Though this is still a part of me
I must open wide my eyes and see,
That those happy years have fled,
And in the mirror by my bed
He stands; with shoulders stooped
And belly drooped,
Grandfather, Great Grandfather.
Then I know, with feelings of woe
HE MUST BE ME.
I’m sittingng on my deck, sipping at a cup of tea, looking at the mountain view to the west, and listening to – of course – CBC Radio. Today’s interview with Sebastian Junger explaining his new book “Tribe: On Homecoming and Belonging” gave me a couple of ah-ha moments. Sebastian writes about the experience of soldiers, first aid workers, emergency workers, and others when they arrive home after a traumatic experience. He suggests the sense of belonging arises from being a part of a team or sharing a common experience and ultimately results in a sense of tribalism within that group. He posits that once we leave these situations, we lose our sense of self and aren’t sure of how to behave. He shared a story of a soldier who came home after a very intense posting overseas. He was with his wife in the grocery store, surrounded by a plethora of choices. If I recall the story correctly, the soldier was so overwhelmed he couldn’t even pick out his cereal. He didn’t know how to make that choice. I know I haven’t captured the full meaning of that conversation, but it made sense to me. I will need to listen to it again to fully “get it”. Perhaps I will even read his book!
The interview continued to discuss people’s experiences from events such as World War II, the Springhill Mine Disaster, and more. My first “Ah-ha”moment – that’s why I remember so many of the seniors talking so gleefully about their World War II experiences. These were young adults, sent off to “save the world” – and fight for their country. Yet when that fight is over, what is next? Where do they belong? How do they fit in and find their new place?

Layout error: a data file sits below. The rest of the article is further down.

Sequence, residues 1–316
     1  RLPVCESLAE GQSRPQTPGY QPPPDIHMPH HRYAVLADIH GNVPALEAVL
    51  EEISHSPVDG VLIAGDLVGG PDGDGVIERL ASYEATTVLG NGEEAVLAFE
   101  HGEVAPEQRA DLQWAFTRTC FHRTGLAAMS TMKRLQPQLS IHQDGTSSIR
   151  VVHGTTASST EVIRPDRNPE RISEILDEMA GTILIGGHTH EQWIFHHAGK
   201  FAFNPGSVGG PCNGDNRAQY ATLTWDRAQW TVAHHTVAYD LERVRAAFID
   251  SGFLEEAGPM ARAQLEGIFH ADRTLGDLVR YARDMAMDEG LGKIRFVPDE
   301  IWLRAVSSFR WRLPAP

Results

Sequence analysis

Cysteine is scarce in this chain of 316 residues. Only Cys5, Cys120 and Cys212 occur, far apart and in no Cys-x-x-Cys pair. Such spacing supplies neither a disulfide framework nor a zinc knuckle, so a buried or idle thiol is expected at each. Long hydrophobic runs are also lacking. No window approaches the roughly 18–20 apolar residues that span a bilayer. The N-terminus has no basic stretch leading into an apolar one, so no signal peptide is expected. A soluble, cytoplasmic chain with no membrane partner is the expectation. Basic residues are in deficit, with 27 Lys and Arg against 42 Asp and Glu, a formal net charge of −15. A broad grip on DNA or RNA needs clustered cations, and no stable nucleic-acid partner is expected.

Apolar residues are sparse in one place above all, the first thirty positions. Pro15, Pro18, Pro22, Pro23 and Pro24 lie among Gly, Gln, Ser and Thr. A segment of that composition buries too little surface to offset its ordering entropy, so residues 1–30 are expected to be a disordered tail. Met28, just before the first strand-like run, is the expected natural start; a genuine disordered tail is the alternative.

Fortunately I have not been through any such traumatic and life-changing experiences. But his ideas did resonate. Do we form our own tribe at work? Is that sense of belonging developed from being with colleagues, employers, and others involved in our massive world of work, suddenly disappear when we retire? I’d say yes. I miss the sense of being part of that work tribe. Perhaps I, and others like me, stay in somewhat unhealthy work relationships longer than we should – because we see no alternative tribe to join. Carrying that deeper – I come from a big family – a tribe of 8 children and a large extended family. Although I cherish my alone time, I still have always felt a need to belong to some group. I do better overall when I have a group activity or event to go to, even if I need my quiet time and space while with the group.
I think this interview gave me some better insights as to why I feel such a need to join an adventure, belong to a club, and seek out a new tribe. All part of the journey, isn’t it!
Thanks for the great article. I totally agree – Mary Lee has nailed it!
Photo courtesy of Ralph Arnold Photographics